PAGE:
When eliminating from analysis those seven Republican senators who have announced their retirement (Martinez, Bond, Gregg, Voinovich, Kentucky's Jim Bunning, Kansas' Sam Brownback) or forthcoming resignation (Texas' Kay Bailey Hutchinson), the gap is even more pronounced: an average 23.6-point margin of victory for those voting against and a 39.9-point margin of victory for those voting in favor.

Overall, the 12 Republican Senators with the lowest margin of victory in the GOP caucus (and who have not announced their retirement) all voted against Sotomayor.

Republican Senator Sotomayor Confirmation Vote by Margin of Victory in Previous Election

State
Senator
Vote
MoV
On ballot
Idaho
Mike Crapo
No
99.2
2010
Indiana
Richard Lugar
Yes
74.8
2012
Arizona
John McCain
No
56.1
2010
Maine
Olympia Snowe
Yes
53.4
2012
Wyoming
Mike Enzi
No
51.4
2014
Wyoming
John Barrasso
No
46.9
2012
Iowa
Charles Grassley
No
42.3
2010
Kansas
Sam Brownback
No
41.7
retiring
Utah
Robert Bennett
No
40.3
2010
Alabama
Richard Shelby
No
35.2
2010
Tennessee
Lamar Alexander
Yes
33.4
2014
New Hampshire
Judd Gregg
Yes
32.5
retiring
Utah
Orrin Hatch
No
31.3
2012
Ohio
George Voinovich
Yes
27.7
retiring
Alabama
Jeff Sessions
No
26.8
2014
Texas
Kay Bailey Hutchinson
No
25.7
resigning
Kansas
Pat Roberts
No
23.6
2014
Idaho
Jim Risch
No
23.5
2014
Mississippi
Thad Cochran
No
22.9
2014
Maine
Susan Collins
Yes
22.8
2014
Louisiana
David Vitter
No
21.7
2010
Georgia
Johnny Isakson
No
17.9
2010
Nebraska
Mike Johanns
No
17.5
2014
Oklahoma
Jim Inhofe
No
17.5
2014
South Carolina
Lindsey Graham
Yes
15.3
2014
Nevada
John Ensign
No
14.4
2012
Missouri
Kit Bond
Yes
13.3
retiring
Texas
John Cornyn
No
12.0
2014
Oklahoma
Tom Coburn
No
11.5
2010
Mississippi
Roger Wicker
No
10.0
2012
Arizona
Jon Kyle
No
9.8
2012
South Carolina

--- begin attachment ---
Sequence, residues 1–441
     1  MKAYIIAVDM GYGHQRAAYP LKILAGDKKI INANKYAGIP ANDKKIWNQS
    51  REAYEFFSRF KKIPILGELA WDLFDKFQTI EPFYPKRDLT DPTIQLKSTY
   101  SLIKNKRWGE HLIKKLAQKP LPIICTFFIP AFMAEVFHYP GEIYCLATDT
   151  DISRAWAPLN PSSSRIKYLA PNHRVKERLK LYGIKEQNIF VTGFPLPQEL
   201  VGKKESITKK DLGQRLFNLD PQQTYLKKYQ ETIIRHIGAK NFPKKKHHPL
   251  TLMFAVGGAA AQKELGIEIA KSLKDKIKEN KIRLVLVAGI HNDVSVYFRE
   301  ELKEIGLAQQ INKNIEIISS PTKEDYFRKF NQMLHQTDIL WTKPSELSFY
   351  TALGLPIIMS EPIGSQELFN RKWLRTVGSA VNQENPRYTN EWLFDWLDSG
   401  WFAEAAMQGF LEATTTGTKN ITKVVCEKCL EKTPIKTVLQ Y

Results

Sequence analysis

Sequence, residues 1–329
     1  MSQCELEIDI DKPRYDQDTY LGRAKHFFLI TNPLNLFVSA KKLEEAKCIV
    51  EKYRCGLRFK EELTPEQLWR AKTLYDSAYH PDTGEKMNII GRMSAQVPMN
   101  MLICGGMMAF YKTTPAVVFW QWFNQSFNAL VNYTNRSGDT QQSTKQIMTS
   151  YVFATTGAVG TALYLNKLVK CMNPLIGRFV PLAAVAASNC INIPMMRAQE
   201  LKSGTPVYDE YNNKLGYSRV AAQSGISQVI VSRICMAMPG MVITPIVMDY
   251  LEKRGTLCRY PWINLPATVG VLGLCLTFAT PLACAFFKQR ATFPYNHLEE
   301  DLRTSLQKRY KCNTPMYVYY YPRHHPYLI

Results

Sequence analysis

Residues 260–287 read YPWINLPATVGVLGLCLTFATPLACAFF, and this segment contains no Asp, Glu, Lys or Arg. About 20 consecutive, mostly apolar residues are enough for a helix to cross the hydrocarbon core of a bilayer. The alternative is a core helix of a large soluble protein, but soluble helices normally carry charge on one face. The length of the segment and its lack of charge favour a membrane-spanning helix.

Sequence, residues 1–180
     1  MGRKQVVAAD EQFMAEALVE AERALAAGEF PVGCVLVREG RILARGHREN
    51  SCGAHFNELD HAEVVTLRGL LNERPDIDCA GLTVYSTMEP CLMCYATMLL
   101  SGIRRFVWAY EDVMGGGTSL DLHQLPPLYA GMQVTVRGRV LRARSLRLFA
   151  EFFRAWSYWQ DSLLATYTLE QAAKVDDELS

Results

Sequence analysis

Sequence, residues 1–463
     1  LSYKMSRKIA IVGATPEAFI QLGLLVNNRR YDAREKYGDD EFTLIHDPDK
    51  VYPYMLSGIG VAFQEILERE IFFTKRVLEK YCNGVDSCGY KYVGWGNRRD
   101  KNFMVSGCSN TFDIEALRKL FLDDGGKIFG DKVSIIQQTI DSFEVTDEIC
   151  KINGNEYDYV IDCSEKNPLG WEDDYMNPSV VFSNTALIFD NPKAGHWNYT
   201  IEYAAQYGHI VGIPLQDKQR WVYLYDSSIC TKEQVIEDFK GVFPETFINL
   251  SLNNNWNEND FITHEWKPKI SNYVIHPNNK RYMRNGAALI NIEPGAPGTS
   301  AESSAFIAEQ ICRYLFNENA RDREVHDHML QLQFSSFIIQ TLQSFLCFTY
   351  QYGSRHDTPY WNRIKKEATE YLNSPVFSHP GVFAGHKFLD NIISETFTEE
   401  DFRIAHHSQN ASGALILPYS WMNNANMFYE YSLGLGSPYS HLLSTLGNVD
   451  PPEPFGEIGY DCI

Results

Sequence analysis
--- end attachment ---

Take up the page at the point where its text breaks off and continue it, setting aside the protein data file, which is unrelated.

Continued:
Jim DeMint
No
9.6
2010
Kentucky
Mitch McConnell
No
5.9
2014
North Carolina
Richard Burr
No
4.6
2010
Alaska
Lisa Murkowski
No
3.0
2010
Georgia
Saxby Chambliss
No
2.9
2014
Tennessee
Bob Corker
No
2.7
2012
Kentucky
Jim Bunning
No
1.3
retiring
South Dakota
John Thune
No
1.2
2010
Florida
Mel Martinez
Yes
1.1
retiring
Note: Data compiled by Smart Politics.

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2 Comments


  • Could this be the stereotypical "old white Republican male" that voted against Judge Sotomayor? Although it was more of a vote against any "Obama nominee", it will certainly reinforce the generalization of the republican as that of an old white southern males.

    I have to wonder how Governor Pawlenty would have voted for this nominee. After all, he does represent the hope and the future of the "next generation of republicans". As such it would be interesting if he is keenly aware of the demographic of America and how it is changing, and how he might integrate that fact into his mission to expand the tent of the republican party.

  • I think that the bottom line of how this is presented is that there are a bunch of Republican white guys who are ignoring their constituencies. But I think the reality is much more complex. Two points I would make. I think that the Republicans are making a much bigger play here to ignite a larger race debate in America. When you couple this vote with the "birther" discussion about whether our 'black" president is really a citizen, the "poor white guys" discussion by Pat Buchanan on the Rachel Maddow show, Rush Limbaugh's comments on race, etc, I think the play by the Republicans isn't about Sotomayor but about fearing a black president.

    Another comment is that the Latino community is incredibly diverse in its political views. In part, it is because the "Latino community" really comes from many different places and doesn't have one uniform experience. I think it is simple and naive of the media for it to assume that someone of Puerto Rican descent born in the United States represents all Latinos and that every "Hispanic" will vote depending on how their representative voted on this one issue. This really misses the diversity of these communities.

  • Leave a comment